An alternative approach is to adopt probabilistic gauging. All the W gauges consider the vehicle size, shape, and extremes of dynamic movement. Defining the W gauge therefore takes the extreme value of every infrastructure and train tolerance to define the passing envelope. In contrast, probabilistic gauging applies a statistical approach to establish a probability of position for particular vehicles and so minimises the cost of route clearance for container traffic. 

Such probabilistic analysis can significantly reduce the cost of gauge clearing tunnels and bridges. This technique is not a new or speculative science and is used in the aviation, atomic power, oil, and gas industries. However, despite having the technique being well developed, a curiously luddite attitude prevails in rail. That must change.

An update of the freight wagon standards is also required to avoid future wagon fleets breaching the gauge as determined by the combination of container and wagon sizes. Such specifications must define the maximum dimensional limits for deck height, suspension, and dynamic movement of today’s fleets and future fleets. Whole industry commitment for this, including RSSB, is essential. 

A Long-Term Plan

Freight electrification

Electrification particularly benefits rail freight as electric locomotives are typically twice as powerful as diesel locomotives. This is because the power of an electric locomotive is limited only by the current it can draw from the wire, whereas a diesel locomotive’s power is limited by the available space for its engine and cooler group. Hence, a Class 92 electric locomotive can deliver 5,000kW at the rail whilst, Britain’s most powerful diesel locomotive, the Class 70 can only deliver 2,500kW. Whilst this is sufficient to haul main-line container trains, performance is limited when climbing steep gradients or accelerating to line speed.

Bi-mode locomotives have the flexibility to take power from the wires or diesel fuel. Yet they have limited spaced for an engine due to their electric traction equipment. It is understood that the recently ordered Class 99 bi-mode locomotives will only be able to deliver 1,600kW at the rail.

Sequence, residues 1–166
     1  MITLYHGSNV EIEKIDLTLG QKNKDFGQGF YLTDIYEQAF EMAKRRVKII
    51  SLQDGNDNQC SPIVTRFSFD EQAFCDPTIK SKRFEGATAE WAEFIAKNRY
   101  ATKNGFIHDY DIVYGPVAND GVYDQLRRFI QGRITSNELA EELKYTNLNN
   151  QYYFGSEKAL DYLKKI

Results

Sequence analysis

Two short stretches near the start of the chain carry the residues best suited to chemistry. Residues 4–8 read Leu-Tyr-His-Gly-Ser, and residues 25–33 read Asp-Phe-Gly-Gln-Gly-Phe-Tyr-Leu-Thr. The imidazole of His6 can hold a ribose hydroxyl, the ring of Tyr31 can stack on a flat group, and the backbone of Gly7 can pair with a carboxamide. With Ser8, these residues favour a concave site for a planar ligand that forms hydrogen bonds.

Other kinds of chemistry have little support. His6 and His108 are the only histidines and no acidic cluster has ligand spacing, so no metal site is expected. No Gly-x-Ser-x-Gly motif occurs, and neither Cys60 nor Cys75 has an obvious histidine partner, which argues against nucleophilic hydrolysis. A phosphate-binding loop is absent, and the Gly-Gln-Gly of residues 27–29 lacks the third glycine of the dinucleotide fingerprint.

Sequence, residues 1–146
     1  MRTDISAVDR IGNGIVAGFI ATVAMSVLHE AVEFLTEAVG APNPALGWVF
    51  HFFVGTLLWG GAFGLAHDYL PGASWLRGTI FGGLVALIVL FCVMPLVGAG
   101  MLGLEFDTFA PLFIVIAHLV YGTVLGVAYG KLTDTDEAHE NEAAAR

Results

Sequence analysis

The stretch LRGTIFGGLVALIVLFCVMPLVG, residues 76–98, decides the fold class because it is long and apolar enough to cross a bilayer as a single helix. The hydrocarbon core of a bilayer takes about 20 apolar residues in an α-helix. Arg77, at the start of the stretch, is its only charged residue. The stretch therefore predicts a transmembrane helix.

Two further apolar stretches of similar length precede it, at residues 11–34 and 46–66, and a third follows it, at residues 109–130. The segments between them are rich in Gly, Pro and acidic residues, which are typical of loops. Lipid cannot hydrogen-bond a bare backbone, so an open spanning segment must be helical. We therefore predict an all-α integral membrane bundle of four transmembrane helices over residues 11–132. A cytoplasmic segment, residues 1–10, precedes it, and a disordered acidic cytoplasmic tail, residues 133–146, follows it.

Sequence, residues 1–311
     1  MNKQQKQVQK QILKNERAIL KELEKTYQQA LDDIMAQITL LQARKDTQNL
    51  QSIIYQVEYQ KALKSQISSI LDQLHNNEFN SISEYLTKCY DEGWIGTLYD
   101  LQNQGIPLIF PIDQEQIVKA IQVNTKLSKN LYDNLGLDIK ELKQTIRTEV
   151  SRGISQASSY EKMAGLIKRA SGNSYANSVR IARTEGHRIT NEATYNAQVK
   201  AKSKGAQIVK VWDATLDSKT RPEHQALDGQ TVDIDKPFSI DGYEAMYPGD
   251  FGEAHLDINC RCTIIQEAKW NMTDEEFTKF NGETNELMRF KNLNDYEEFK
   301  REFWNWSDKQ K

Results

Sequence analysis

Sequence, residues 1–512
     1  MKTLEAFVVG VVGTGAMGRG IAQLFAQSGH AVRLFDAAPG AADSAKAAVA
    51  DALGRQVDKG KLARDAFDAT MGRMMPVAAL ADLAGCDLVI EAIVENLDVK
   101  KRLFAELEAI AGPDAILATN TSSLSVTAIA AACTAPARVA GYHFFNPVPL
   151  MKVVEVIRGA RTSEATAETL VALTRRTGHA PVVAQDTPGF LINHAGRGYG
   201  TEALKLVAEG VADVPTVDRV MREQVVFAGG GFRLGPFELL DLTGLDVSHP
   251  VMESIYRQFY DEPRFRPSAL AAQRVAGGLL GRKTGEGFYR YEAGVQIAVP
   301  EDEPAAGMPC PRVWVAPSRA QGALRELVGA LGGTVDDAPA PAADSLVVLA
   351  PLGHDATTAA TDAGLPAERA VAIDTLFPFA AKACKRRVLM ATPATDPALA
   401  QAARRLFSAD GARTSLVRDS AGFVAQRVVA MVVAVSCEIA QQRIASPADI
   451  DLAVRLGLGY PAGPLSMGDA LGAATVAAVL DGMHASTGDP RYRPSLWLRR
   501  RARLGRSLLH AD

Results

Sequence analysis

Electric locomotives can therefore haul heavier, longer, faster trains as well as increasing capacity by reducing the performance differential between freight and passenger trains. Currently, electricity provides only 4% of the energy for UK rail freight compared with 56% in continental Europe.

The CILT’s rail freight forum has concluded that 70% of rail freight could be electrically hauled if 700 single track kilometres (stk) of key freight routes were electrified. This is 5% of the TDNS’s proposed programme and would enable electric freight haulage of typically 28 x 3,000 tonne freight trains per day from the Mendip Quarries to London and container trains from Felixstowe (56 trains/day) and Southampton (48 trains/day) to Birmingham for distribution to the many West Midland distribution warehouses. It also includes a mere 2.5 stk to connect the port of London Gateway to the electrified network.

This approach is recognised and supported by the government’s TDP which states that it will purse “infill electrification which could allow a significant rise in the electric haulage of freight” and that “by 2050 all rail freight will be net zero.” However, these commitments are in doubt as recent statements by Network Rail and the GBR transition team indicate that the Treasury considers that TDNS’s large-scale electrification programme is unaffordable.

Prioritising freight

Mixing freight and passenger traffic on a busy railway is a significant operational challenge for which loops that enable passenger trains to ‘overtake’ freight trains are part of the solution. To adequately cater for this mixed traffic these loops need to be long enough to accommodate the maximum freight train length of 775 metres and their points need to have a reasonable entry/exit speed.